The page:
Leo Tolstoy (1828 – 1910), also known as Count Lev Nikolayevich Tolstoy, was a Russian writer who is regarded as one of the greatest authors of all time. He is best known for his novels, including War and Peace and Resurrection, but he also wrote plays and numerous philosophical essays. His fiction consistently attempted to convey realistically the Russian society in which he lived. In the 1870’s Tolstoy experienced a profound moral crisis, followed by what he regarded as an equally profound spiritual awakening, as outlined in his nonfiction work A Confession.
Quotes by Leo Tolstoy…
Man need not perform any acts or exploits, but has only to make an intense effort at consciousness.
If men who do not understand life would only approach nearer to the phantoms which alarm them, and would examine them, they would see that they are only phantoms, and not realities.
Men have but to understand this: they must cease to care for material and external matters… let them apply one hundredth part of the energy now used by them in outward concerns to those in which they are free — to the recognition and profession of the truth that confronts them, to the deliverance of themselves and others form the falsehoods which conceal the truth. Then the false system of life which now torments us, which threatens us with still greater suffering, will be destroyed at once without struggle, then the Kingdom of Heaven, at least in that first stage… will be established.
Men, attached by habit to the existing order, shrink from attempting to change it, therefore they agree to consider this doctrine as a mass of revelations and laws that may be accepted without making any change in one’s life: whereas the doctrine… is not a doctrine of rules for men to obey, but unfolds a new life-conception, meant as a guide for men who are now entering upon a new life, one entirely different from the past.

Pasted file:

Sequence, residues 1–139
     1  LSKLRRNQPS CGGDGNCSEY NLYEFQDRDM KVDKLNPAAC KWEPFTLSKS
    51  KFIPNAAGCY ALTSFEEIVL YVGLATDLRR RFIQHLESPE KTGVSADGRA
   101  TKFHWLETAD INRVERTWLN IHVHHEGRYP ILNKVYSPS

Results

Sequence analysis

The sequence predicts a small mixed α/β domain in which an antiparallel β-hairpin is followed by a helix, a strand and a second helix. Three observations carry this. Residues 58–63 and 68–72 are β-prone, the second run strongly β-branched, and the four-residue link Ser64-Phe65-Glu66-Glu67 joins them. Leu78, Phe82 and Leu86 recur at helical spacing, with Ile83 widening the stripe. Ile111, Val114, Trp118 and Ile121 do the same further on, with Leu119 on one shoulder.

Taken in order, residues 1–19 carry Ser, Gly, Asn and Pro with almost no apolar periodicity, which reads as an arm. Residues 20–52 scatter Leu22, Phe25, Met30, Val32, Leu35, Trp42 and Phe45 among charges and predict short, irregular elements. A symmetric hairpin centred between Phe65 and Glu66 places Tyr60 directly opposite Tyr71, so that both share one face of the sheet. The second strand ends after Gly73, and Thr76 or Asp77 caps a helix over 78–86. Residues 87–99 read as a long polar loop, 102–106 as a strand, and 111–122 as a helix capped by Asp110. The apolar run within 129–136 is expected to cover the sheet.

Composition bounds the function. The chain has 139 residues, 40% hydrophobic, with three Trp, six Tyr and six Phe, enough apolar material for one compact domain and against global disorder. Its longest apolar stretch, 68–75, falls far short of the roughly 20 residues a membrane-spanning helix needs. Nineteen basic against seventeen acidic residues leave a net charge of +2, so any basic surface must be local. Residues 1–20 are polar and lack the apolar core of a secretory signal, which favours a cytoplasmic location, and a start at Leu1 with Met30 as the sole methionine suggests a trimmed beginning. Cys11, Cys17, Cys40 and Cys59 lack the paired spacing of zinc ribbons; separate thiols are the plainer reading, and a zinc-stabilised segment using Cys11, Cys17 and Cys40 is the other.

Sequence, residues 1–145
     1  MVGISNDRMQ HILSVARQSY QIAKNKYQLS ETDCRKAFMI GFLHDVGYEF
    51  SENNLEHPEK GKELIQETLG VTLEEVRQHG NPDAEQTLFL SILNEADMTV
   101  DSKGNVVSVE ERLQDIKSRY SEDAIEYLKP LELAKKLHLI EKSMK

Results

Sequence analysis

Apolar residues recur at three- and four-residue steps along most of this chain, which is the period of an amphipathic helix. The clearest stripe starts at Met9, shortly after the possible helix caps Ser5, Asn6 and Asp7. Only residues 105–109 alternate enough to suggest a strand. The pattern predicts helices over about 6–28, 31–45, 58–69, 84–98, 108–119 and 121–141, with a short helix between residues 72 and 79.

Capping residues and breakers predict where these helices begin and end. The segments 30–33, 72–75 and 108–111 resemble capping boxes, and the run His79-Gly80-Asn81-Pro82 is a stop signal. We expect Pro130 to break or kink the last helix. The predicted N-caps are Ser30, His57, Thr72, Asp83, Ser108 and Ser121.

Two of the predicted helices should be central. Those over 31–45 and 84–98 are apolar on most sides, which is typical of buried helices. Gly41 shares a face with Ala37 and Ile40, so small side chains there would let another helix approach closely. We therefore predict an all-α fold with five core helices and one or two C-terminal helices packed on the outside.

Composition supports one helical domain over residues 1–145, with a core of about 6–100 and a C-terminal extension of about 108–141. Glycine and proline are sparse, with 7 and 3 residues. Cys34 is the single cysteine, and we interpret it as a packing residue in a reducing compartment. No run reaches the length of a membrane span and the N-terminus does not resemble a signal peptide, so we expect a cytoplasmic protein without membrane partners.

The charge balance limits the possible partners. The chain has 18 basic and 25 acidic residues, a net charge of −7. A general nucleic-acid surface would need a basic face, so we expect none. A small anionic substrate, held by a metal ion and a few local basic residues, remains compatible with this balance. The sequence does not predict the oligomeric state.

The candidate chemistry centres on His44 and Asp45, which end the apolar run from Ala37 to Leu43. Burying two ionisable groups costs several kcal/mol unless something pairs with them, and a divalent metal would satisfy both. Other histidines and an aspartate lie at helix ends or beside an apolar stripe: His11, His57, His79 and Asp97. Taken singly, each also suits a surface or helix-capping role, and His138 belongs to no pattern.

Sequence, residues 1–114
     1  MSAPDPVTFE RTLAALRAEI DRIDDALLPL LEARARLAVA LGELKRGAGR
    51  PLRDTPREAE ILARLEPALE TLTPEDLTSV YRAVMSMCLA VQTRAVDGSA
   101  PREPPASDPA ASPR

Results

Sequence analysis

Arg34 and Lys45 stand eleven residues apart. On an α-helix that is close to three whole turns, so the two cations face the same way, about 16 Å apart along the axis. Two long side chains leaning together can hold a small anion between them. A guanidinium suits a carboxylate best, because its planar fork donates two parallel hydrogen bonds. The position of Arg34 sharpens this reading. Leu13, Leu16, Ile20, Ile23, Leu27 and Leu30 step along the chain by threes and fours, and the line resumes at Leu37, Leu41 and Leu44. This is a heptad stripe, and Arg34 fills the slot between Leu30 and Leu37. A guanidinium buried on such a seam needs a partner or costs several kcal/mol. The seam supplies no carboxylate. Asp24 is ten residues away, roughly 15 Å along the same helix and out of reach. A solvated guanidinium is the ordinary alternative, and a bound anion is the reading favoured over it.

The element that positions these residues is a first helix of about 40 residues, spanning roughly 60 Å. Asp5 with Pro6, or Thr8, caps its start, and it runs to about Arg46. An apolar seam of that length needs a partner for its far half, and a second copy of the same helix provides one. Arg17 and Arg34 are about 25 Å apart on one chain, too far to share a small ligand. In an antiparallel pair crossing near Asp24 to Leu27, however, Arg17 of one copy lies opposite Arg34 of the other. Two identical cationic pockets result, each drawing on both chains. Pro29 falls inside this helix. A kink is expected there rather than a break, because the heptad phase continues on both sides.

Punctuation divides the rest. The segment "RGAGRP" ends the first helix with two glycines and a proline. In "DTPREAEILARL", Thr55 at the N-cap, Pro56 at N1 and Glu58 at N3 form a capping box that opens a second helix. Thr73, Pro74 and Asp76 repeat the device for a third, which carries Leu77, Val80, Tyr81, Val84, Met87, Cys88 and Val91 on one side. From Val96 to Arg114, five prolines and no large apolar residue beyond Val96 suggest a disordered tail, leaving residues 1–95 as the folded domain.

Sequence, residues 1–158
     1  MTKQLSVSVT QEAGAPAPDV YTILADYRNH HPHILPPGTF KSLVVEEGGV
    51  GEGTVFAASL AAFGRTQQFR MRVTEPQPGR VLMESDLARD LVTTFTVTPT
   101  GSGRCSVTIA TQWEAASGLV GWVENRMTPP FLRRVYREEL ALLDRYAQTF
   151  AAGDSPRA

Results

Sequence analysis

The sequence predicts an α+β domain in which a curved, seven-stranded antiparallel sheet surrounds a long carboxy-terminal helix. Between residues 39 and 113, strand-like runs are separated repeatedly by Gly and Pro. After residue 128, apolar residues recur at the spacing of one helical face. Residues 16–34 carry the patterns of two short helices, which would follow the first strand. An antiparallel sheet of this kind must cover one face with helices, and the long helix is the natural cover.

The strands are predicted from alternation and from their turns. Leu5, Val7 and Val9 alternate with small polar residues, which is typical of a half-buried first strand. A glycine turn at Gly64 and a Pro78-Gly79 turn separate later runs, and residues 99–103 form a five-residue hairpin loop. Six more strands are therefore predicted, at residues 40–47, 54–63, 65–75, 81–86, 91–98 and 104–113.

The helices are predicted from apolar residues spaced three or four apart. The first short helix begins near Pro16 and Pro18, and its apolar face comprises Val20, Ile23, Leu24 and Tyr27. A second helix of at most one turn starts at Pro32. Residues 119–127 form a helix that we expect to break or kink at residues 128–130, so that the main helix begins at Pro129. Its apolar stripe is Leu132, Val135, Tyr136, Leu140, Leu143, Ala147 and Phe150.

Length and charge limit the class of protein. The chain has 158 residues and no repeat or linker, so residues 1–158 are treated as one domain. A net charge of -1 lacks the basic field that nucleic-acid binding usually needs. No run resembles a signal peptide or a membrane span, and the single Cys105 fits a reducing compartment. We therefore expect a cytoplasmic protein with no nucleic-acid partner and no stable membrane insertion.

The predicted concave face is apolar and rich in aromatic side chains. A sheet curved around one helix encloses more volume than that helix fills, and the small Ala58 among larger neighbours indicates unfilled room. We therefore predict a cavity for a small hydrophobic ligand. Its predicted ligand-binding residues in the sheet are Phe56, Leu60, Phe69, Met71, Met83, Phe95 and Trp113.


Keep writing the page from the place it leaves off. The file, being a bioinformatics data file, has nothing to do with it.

I knew not the light, and I thought there was no sure truth in life; but when I perceived that only light enables men to live, I sought to find the sources of the light… And when I reached this source of light I was dazzled with the splendour, and I found there full answers to my questions as to the purpose of the lives of myself and others.
As a man in his sleep doubts the reality of his nightmares and yearns to awaken and return to real life, so the average man of our day cannot, in the depths of his heart, believe the terrible condition in which he finds himself — and which is growing worse and worse — to be a reality. He yearns to attain to a higher reality, the consciousness of which is already within him… Our average man has but to make a conscious effort and ask himself, “Is not all this an illusion?” in order to feel like an awakened sleeper, transported from a hypocritical and horrible nightmare-world into a living, peaceful, and joyous world of reality.
This power demands of us what alone is certain and rational and possible… which is possible only in the truth, and, therefore, in the recognition of the truth revealed to us, and the profession of that truth.
All the ills of mankind appear, according to Lao Tzu, not from man’s neglect of the necessary, but because he does what is unnecessary. If men would practice what Lao Tzu calls non-action, they would be free not only of their personal difficulties, but also of those residing in every form of government.
The principles of this authentic religion are entirely natural to man, so that the instant they are communicated to him they are received as ideas long familiar and self-evident… These principles are quite simple, understandable, and few in number.
Man’s life begins only with the appearance of rational consciousness.